Selecting the Right Electric Tugger for Your Application
By: Ray Erbe, Contributor
Today, companies are struggling to increase productivity, while dealing with a shrinking and older labor force. In the world of material handling, these factors are driving material transport solutions that increase efficiency and improve the ergonomics of the workplace. Twenty years ago, the go-to solutions available for moving materials were forklifts and pallet jacks, while scissor lifts provided a solution for lifting materials in a work cell. These solutions are still available today, however the number of other motorized solutions for moving materials has exploded. In this article we’ll explore one of these solutions, electric tugger machines.
Why Choose an Electric Tugger Solution?
One of the key advantages of electric tuggers is their diverse, broad range of uses. These machines can be customized to meet the specific needs of your business, with a variety of attachments and accessories available. For example, you can choose from a range of towing hitches and couplers to accommodate different types of loads. With some models, the tugger can even hitch to a cart without having to attach a hitch to the cart itself. This flexibility means that electric tuggers can be used in a wide range of settings, from warehouses and distribution centers to airports and hospitals.
Selecting the Right Electric Tugger
The most significant question that needs to be answered is: which tugger will I need to move my loads?
Let’s assume that the weight of the load you are trying to move, the weight of the cart, plus the weight of the material being moved is 5,000 pounds. Your first thought might be, “This is simple, just pick a tugger that has a 5,000-pound rating and be done.” This solution may or may not work for your application. Why is that?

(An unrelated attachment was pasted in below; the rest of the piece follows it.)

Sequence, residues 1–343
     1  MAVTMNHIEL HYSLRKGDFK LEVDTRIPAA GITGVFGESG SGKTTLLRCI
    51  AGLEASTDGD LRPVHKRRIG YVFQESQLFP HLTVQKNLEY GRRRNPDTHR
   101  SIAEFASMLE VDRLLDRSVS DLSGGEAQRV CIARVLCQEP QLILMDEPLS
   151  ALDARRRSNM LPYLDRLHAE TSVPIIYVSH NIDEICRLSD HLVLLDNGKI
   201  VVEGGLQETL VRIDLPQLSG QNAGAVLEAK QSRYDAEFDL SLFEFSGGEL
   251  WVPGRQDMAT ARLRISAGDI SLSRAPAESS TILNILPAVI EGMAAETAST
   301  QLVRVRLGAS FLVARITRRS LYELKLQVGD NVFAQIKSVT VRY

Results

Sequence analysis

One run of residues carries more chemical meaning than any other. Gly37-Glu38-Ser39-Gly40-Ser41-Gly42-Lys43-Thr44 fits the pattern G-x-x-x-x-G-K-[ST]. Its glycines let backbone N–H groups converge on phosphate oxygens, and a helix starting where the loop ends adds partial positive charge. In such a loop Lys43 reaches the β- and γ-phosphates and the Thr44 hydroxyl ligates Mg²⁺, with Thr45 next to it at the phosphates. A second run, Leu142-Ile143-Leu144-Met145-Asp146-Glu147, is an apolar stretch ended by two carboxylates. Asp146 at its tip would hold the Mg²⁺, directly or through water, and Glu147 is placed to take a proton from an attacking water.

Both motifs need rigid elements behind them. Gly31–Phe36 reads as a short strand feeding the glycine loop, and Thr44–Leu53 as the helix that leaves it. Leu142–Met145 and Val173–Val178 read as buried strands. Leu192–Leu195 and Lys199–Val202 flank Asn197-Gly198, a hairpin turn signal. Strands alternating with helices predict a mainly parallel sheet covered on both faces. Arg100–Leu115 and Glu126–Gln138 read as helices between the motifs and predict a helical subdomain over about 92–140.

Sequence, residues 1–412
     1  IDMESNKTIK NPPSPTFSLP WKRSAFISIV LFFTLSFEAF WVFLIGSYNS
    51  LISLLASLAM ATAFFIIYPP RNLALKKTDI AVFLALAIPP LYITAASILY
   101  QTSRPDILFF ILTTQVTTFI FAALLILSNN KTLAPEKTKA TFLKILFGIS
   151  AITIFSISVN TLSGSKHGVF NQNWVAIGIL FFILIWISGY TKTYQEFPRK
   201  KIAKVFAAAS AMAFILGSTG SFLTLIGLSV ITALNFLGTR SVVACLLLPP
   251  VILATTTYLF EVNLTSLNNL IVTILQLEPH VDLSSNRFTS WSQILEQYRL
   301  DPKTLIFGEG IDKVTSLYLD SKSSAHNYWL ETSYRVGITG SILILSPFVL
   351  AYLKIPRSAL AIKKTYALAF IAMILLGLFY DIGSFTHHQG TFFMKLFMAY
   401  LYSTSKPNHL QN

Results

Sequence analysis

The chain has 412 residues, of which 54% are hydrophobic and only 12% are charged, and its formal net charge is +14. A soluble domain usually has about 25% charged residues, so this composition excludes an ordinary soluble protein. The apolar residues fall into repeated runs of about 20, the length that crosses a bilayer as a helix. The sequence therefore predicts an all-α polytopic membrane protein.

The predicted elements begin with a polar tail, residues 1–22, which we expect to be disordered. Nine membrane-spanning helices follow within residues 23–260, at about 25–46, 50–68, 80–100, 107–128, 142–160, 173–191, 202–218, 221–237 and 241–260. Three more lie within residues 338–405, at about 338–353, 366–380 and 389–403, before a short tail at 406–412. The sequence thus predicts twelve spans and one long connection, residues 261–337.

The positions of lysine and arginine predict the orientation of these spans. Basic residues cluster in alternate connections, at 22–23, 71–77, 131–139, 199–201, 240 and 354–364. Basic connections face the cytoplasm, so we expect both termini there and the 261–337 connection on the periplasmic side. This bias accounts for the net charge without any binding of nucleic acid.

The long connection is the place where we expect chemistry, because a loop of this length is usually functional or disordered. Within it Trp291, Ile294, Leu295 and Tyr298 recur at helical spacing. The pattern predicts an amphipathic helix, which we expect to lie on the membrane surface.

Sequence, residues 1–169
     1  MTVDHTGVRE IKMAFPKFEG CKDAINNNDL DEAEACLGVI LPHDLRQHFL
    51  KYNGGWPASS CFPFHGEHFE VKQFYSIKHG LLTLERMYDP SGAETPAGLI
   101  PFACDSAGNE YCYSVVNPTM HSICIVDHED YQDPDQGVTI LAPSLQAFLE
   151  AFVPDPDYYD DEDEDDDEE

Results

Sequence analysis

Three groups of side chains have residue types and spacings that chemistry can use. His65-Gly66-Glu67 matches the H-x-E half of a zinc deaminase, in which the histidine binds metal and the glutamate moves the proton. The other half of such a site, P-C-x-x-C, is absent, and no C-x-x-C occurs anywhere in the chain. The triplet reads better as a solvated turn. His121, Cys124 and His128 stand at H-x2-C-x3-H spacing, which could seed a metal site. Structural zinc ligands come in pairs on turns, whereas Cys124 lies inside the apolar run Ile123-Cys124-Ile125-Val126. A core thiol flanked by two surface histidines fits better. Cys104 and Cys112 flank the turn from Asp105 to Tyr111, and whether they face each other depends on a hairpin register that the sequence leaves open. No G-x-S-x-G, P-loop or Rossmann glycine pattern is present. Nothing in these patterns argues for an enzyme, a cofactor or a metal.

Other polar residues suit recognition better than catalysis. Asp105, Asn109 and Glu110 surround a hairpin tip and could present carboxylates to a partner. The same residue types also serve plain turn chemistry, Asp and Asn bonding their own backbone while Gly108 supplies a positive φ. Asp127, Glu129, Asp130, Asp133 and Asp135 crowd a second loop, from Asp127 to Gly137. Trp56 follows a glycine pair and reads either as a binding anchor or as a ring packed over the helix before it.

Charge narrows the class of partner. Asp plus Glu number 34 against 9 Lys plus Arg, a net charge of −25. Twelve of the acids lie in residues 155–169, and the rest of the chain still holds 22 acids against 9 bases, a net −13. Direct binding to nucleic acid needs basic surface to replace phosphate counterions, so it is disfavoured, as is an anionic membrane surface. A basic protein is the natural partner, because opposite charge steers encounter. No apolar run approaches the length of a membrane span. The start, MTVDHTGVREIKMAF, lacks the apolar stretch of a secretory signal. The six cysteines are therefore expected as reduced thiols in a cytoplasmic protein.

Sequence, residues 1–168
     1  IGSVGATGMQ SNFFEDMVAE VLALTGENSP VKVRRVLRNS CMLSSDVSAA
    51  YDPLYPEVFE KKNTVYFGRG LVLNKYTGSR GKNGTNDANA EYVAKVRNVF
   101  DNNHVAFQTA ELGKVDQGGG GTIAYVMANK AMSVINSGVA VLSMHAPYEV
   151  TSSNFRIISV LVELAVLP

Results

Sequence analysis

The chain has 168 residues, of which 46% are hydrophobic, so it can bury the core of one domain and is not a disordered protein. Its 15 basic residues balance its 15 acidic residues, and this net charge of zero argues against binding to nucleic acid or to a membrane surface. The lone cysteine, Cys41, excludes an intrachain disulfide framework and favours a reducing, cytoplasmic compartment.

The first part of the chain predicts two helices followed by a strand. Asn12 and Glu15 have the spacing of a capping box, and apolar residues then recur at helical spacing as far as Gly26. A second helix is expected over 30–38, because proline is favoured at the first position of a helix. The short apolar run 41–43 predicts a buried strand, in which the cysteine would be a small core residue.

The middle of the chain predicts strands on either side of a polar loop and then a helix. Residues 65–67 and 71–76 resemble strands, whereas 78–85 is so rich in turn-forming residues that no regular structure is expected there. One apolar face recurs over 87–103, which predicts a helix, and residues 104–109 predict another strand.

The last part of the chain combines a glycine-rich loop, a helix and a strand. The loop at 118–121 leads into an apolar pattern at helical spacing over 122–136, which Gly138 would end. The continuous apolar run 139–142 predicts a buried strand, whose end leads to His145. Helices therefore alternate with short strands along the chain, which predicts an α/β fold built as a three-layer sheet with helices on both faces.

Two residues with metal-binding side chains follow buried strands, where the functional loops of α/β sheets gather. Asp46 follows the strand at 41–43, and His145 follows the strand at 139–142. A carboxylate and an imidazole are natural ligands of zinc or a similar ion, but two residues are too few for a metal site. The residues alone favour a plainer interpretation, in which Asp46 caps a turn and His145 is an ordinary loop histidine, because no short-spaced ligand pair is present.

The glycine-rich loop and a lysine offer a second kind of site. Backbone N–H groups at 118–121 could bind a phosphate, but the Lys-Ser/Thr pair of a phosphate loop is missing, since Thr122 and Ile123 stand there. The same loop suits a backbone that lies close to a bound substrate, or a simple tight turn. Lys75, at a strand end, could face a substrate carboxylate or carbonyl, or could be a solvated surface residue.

To explain drawbar force and its relevance to moving a payload, let’s picture diagram of a horse pulling a cart. When the cart is not moving, the horse needs to apply a force in a forward direction to get the cart moving. Once the cart is moving and the speed is constant, the drawbar force drops significantly by a factor of two or more, depending on the surface material.
For the horse to be able to generate enough force to move the cart, it needs enough weight on its hooves for traction to prevent them from slipping on the surface. If it does slip, the horse will not be able to move the cart.
In material handling applications, the horse is replaced by an electric tugger and the wooden cart will likely be made of steel with two fixed and two swivel casters. The surface is no longer dirt, but most likely concrete. Very much like the horse, the electric tugger can only generate a certain level of drawbar force. We can further define two levels of drawbar force: one instantaneous duration (1 to 3 seconds) to get the cart moving, or a continuous duration (60 minutes) drawbar force to keep the cart moving. The most significant one of these in defining whether a tugger will move your load is instantaneous drawbar force.